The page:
There weren’t too many historical events on December 3, 1992, but the date is an important one for mobile fans: 25 years ago today, the very first text message was sent. It simply read, “Merry Christmas”
On the same day that Whitney Houston’s I will always love you was the number 1 song in the US and Home Alone 2 topped the box office, 22-year-old Sema Group software architect Neil Papworth sent the first SMS (Short Message Service).
It was sent over the Vodafone GSM network in the UK, though back then handsets could only receive messages, not send them. Papworth sent it to an Orbitel 901 handset belonging to the then-director of Vodafone, Richard Jarvis, using a computer.
“I don’t know if they really thought it was going to be a big thing,” Papworth told Sky News.
A year later, the first commercial SMS service was available in Finland, and Nokia became the first company to release a handset capable of sending text messages.
The technology had actually been in development years before Papworth sent his festive message; SMS was conceived by Friedhelm Hillebrand and Bernard Ghillebaert of the GSM Corporation in 1984. Finnish engineer Matti Makkonen played a leading role in the technology’s creation and is often credited as the inventor of SMS text messages.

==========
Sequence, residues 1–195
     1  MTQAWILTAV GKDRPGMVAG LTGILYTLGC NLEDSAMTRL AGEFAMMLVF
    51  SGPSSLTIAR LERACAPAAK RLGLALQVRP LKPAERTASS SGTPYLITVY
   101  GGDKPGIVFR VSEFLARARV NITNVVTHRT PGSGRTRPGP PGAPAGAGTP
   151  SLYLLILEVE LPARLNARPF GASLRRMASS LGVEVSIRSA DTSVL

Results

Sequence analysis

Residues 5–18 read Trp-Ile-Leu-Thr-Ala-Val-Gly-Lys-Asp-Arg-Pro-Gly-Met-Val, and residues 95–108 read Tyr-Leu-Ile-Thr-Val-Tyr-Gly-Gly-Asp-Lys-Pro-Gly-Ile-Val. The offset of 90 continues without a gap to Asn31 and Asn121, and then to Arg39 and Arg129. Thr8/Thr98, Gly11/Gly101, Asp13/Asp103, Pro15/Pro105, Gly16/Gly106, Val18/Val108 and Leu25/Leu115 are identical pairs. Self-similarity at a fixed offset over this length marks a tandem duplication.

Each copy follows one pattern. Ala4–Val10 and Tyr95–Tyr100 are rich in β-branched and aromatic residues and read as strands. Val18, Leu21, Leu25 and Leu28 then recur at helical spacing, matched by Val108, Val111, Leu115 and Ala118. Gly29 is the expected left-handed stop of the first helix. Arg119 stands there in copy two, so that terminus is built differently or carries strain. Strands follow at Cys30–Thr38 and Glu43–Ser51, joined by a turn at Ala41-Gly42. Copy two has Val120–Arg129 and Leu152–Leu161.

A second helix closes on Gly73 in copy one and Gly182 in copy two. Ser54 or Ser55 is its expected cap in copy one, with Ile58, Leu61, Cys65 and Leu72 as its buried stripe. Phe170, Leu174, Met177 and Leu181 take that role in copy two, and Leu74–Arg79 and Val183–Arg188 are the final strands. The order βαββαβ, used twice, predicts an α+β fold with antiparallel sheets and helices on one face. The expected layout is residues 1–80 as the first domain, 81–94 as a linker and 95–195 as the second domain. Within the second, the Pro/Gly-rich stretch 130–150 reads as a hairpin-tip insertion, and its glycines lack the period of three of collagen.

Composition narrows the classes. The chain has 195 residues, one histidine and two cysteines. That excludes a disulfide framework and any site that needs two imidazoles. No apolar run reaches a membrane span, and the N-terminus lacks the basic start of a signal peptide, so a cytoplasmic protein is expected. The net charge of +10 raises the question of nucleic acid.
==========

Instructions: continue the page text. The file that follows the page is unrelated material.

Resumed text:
Growth was initially pretty slow, with GSM customers sending only 0.4 messages per month in 1995. The fact that UK users could only send SMS messages to those on the same network was a big problem until the restriction was lifted in 1999.
The SMS revolution took longer to arrive in the states. US mobile operators charged more for texts and less for voice calls, while PC-based instant messaging services were still incredibly popular.
Thanks to the rise of programs like WhatsApp, Messenger, and iMessage, fewer people have been sending SMS messages since the technology reached a peak in 2012. Last year, Mark Zuckerberg said that daily activity on Facebook Messenger and WhatsApp combined was three times the number of SMS messages sent worldwide—60 billion compared to 20 billion.